WordPress Multisite Hosting For Clients – SiteGround or Cloudways?
My search for quality WordPress Multisite hosting that I could use to host clients’ websites narrowed to two companies: Cloudways and SiteGround. As a disclaimer, I should point out that I have used SiteGround for a few years, and in looking for multisite hosting, I was thinking about switching to Cloudways. I am preparing to launch a site to offer designs for a niche area, and before I launch the site, I wanted everything in order. I want to run WordPress Multisite with a small number of plugins that work with Multisite, and I want to be able to update these plugins easily with Multisite. It should also be noted that Multisite hosting does require more effort to set up than a single site WordPress installation, and you need to be more familiar with making changes to your server and files.
SiteGround and Cloudways From A Customer Perspective
SiteGround can be viewed as a “more traditional” WordPress host. In the past, you could adjust your settings through cpanel, a user interface that is a gateway to many settings you can change on your host. There are many tutorials for setting up Multisite on SiteGround, but SiteGround specifies that they might not be able to troubleshoot your problems as easy as single site hosts. This issue goes for almost all Multisite installations. You need to be ready and willing to troubleshoot problems that don’t happen with a single WordPress installation. Recently, SiteGround has created a brand new user interface for customers to replace the old cpanel. The new user interface is quite impressive, and it really raises the bar as far as design and general experience, if that matters to you.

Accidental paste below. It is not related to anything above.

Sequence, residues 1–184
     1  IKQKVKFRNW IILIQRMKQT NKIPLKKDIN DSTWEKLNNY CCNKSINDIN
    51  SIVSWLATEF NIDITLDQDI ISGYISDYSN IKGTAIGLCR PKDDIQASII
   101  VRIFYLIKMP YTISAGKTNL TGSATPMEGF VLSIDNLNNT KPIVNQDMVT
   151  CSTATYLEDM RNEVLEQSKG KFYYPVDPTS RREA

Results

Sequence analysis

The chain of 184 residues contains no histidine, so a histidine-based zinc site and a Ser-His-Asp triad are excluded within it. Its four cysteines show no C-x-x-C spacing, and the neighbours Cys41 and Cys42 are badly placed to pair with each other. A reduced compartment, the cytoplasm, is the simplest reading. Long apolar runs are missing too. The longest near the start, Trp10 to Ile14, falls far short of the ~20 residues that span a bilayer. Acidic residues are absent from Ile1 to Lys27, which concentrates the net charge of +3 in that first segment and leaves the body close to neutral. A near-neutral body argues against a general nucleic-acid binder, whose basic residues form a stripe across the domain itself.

Cloudways, on the other hand, applies a different approach to hosting your WordPress Multisite. Rather than host the site on their own server, they serve as a “middleman” between you and one of the “big hosts,” Digital Ocean, Linode, Vultr, AWS (Amazon), or Google Cloud. These companies require more technical skill and knowledge to set up securely and run smoothly. In this model, you pay Cloudways, and Cloudways uses their skills to set everything up for you. You interface with Cloudways, and they handle the technical aspects of setting up the server. The user interface looks great to me, but I must confess, I have not used it. They also have fantastic resources in terms of managing WordPress Multisite.
Let’s look at one of the most important differences: price. To do multisite hosting, you need to jump to the second tier offered by SiteGround, the Grow Big plan, which is $6/month for the first year, and $20/month after that. With this package, you get unlimited websites, 20 gb of space, and unlimited emails. When you set up hosting, you pay for a whole year up front. If you can take advantage of a cheap first year and secure some clients, the price increase won’t likely affect you much. If you don’t have any clients to offset the price increase, the jump can be a bit painful.
The cheapest servers that Cloudways offers are with Digital Ocean. With the cheapest package, you can get started at a flat $10/month, and you can pay month to month. You get 25 gb of space, a staging environment, and 24/7 support. You get a little more space for your client sites on this package, and you don’t have to pay for a year all at once, but you can’t offer your clients email addresses unless you add a service.